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Churn Prediction with Apache Spark Machine Learning

Churn prediction is big business. It minimizes customer defection by predicting which customers are likely to cancel a subscription to a service. Though originally used within the telecommunications industry, it has become common practice across banks, ISPs, insurance firms, and other verticals.

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The prediction process is heavily data-driven and often utilizes advanced machine learning techniques. In this post, we’ll take a look at what types of customer data are typically used, do some preliminary analysis of the data, and generate churn prediction models–all with Spark and its machine learning frameworks.

Customer 360 Using data science in order to better understand and predict customer behavior is an iterative process, which involves:

  1. Data discovery and model creation:
    • Analysis of historical data
    • Identifying new data sources, which traditional analytics or databases are not using, due to the format, size, or structure
    • Collecting, correlating, and analyzing data across multiple data sources
    • Knowing and applying the right kind of machine learning algorithms to get value out of the data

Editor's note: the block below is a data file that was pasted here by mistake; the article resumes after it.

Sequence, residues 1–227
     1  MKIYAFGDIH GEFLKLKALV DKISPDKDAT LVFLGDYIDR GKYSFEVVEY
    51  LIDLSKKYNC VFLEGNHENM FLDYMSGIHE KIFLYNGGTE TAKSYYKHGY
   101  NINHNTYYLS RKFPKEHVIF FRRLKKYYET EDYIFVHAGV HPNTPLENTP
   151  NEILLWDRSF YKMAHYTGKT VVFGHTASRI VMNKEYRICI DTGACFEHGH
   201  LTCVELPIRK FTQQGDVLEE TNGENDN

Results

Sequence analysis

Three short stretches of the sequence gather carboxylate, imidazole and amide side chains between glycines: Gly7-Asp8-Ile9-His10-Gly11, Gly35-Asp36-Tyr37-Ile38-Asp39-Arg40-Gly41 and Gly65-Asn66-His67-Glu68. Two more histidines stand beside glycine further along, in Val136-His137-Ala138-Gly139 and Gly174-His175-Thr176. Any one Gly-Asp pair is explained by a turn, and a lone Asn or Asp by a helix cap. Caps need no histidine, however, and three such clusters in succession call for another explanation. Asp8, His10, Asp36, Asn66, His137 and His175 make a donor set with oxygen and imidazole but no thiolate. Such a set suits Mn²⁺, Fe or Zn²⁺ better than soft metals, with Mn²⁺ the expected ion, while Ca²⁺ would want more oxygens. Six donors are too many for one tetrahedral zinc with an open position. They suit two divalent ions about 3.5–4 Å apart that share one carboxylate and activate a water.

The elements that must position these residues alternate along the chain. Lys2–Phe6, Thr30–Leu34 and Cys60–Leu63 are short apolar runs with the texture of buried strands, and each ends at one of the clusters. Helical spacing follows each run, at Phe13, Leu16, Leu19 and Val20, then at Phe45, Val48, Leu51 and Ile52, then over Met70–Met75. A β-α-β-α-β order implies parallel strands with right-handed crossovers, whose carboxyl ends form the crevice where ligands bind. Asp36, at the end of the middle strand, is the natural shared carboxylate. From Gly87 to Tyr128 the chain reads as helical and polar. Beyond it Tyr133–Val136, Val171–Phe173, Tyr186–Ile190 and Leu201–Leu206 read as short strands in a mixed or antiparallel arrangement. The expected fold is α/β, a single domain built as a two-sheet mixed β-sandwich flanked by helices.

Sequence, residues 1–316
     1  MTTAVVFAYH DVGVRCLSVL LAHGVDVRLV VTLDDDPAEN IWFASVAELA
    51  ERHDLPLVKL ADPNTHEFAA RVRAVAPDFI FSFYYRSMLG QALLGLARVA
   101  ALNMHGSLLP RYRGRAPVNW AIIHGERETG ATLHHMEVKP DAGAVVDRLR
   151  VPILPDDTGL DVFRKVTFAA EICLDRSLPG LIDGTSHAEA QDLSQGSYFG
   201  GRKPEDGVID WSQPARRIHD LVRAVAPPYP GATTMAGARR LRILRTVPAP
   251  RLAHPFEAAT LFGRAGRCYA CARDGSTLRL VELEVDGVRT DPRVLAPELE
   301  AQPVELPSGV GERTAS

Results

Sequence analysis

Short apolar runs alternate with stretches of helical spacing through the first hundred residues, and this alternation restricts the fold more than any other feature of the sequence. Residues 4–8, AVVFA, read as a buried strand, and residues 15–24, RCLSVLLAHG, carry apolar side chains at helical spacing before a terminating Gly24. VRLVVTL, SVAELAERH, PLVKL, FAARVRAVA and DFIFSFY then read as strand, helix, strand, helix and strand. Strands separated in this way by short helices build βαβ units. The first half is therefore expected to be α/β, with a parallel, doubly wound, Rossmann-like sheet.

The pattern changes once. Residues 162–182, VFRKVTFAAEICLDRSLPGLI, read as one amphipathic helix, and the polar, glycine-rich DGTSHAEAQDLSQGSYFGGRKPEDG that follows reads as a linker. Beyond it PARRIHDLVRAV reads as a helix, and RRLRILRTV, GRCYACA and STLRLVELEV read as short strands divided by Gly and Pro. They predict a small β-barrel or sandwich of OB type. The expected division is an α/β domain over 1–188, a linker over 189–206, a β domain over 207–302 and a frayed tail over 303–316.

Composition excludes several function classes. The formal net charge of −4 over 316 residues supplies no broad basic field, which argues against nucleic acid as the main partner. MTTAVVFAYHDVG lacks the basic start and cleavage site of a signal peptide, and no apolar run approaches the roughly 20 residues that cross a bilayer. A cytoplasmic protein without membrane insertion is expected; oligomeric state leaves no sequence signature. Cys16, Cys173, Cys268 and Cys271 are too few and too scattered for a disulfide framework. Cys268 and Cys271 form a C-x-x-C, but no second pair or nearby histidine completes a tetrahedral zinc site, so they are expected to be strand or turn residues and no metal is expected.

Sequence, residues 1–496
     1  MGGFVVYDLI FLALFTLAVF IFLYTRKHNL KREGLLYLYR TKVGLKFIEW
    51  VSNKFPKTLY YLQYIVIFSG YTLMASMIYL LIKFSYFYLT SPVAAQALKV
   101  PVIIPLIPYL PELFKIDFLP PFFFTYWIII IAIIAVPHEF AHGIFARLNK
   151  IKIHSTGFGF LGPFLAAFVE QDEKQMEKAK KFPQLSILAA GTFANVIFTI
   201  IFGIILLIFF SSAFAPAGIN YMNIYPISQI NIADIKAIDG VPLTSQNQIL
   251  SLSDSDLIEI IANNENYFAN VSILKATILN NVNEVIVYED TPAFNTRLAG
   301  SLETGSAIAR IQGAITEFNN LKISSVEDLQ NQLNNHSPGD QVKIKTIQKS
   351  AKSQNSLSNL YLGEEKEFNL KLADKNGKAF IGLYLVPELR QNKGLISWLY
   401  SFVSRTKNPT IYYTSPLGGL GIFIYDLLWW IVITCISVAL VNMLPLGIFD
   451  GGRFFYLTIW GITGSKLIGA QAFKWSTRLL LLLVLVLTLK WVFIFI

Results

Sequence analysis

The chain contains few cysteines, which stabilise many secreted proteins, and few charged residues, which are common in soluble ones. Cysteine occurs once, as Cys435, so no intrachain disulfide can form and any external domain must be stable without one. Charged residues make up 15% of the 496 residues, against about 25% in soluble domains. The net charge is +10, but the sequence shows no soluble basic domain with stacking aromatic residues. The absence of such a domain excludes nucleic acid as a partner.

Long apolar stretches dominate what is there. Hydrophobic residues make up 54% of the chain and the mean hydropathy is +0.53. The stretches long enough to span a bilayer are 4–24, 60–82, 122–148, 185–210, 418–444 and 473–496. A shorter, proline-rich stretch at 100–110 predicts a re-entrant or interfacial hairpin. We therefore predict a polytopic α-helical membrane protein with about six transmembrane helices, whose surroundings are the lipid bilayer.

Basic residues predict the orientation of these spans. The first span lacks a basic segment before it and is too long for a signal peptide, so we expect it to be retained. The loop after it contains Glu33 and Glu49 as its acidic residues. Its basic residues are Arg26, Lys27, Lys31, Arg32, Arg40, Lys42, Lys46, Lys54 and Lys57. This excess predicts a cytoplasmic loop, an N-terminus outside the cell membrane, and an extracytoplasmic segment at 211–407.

2. Using the model in production to make predictions
  3. Data discovery and updating the model with new data

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In order to understand the customer, a number of factors can be analyzed, such as:

  • Customer demographic data (age, marital status, etc.)
  • Sentiment analysis of social media
  • Customer usage patterns and geographical usage trends
  • Calling-circle data
  • Browsing behavior from clickstream logs
  • Support call center statistics
  • Historical data that show patterns of behavior that suggest churn

With this analysis, telecom companies can gain insights to predict and enhance the customer experience, prevent churn, and tailor marketing campaigns.

CLASSIFICATION

Classification is a family of supervised machine learning algorithms that identify which category an item belongs to (e.g., whether a transaction is fraud or not fraud), based on labeled examples of known items (e.g., transactions known to be fraud or not). Classification takes a set of data with known labels and pre-determined features and learns how to label new records based on that information. Features are the “if questions” that you ask. The label is the answer to those questions. In the example below, if it walks, swims, and quacks like a duck, then the label is “duck.”

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Let’s go through an example of telecom customer churn:

  • What are we trying to predict?
    • Whether a customer has a high probability of unsubscribing from the service or not
    • Churn is the Label: True or False
  • What are the “if questions” or properties that you can use to make predictions?
    • Call statistics, customer service calls, etc.
    • To build a classifier model, you extract the features of interest that most contribute to the classification.
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